Companies dependent on gas want state aid

The Estonian end of the Balticconnector gas pipeline in Paldiski.
The Estonian end of the Balticconnector gas pipeline in Paldiski. Source: Siim Lõvi/ERR

The price of natural gas has grown more than tenfold over the past year, while gas-intensive industry has seen little in the way of alleviation. High energy prices are keeping salaries down and Estonia is losing its competitive edge over the Nordics where energy costs much less.

Companies are trying to dial back gas consumption, while that is not always possible.

"We use natural gas for heating and our powder coating production line. It would be hugely expensive to switch to another technology, said Herki Hälvin, head of Kitman Thulema.

The company is the leading manufacturer of commercial fittings and decorator of public buildings Estonia, with 25 percent of its production exported.

"We paid €5,200 for gas last January versus €59,000 this year. That's a hike of 11 times. We would like to help our employees cope with inflation and hike salaries, but it is very difficult to do in the condition of soaring energy prices. We are also losing our competitive edge over the Nordics. While they have higher salaries, energy costs less there," Hälvin said.

Gas expenses have also grown for bakers Pagaripoisid.

"Gas costs have gone from €3,000 to around €100,000. But it's difficult to say where to find that money as people's expenses are also going up," CEO Meelis Pärn said, adding that the company has been barely breaking even lately.

Estonia's combined gas consumption has been around five terwatt-hours, while the Estonian Gas Association believes that could drop by 20 percent this year. 40 percent of gas is used in heating, 40 percent in industry and up to 20 percent by private consumers.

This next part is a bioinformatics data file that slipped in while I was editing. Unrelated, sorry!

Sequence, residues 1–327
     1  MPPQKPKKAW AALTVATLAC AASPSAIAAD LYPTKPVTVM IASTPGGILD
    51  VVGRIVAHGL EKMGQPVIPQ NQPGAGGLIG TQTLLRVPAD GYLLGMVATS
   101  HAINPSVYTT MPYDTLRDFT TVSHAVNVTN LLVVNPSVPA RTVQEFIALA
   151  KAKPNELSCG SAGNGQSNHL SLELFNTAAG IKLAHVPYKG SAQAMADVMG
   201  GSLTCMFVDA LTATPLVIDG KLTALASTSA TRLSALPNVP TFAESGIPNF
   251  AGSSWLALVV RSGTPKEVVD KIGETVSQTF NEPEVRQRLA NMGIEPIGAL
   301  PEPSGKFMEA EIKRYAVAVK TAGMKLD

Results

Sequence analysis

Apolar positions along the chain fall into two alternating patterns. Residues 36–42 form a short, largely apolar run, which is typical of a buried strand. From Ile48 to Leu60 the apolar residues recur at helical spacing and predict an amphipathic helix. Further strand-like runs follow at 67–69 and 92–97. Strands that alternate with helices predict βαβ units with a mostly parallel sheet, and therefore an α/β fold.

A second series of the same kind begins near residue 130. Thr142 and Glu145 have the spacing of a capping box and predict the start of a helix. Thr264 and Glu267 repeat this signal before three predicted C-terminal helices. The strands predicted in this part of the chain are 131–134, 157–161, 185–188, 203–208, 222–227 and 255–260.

Industrial companies have not received compensation for the price of gas from the government.

"While it's true that no one refuses benefits, we have not been compensated in any way this year. There was a one-off measure when the coronavirus crisis began. We have managed to stay afloat, even though we had to close our cafes that put a major dent in our operations," Pärn said.

"The government should lay down a price point anything on top of which fetches compensation," Hälvin suggested in terms of energy prices.

Minister of Economic Affairs and Infrastructure Riina Sikkut said the government is aware of companies struggling because of high energy prices.

"There is no agreement in terms of who should be compensated for what. These debates will happen as part of state budget negotiations, alongside other prospective expenses. We could know something in three weeks' time at the earliest."


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Editor: Marcus Turovski

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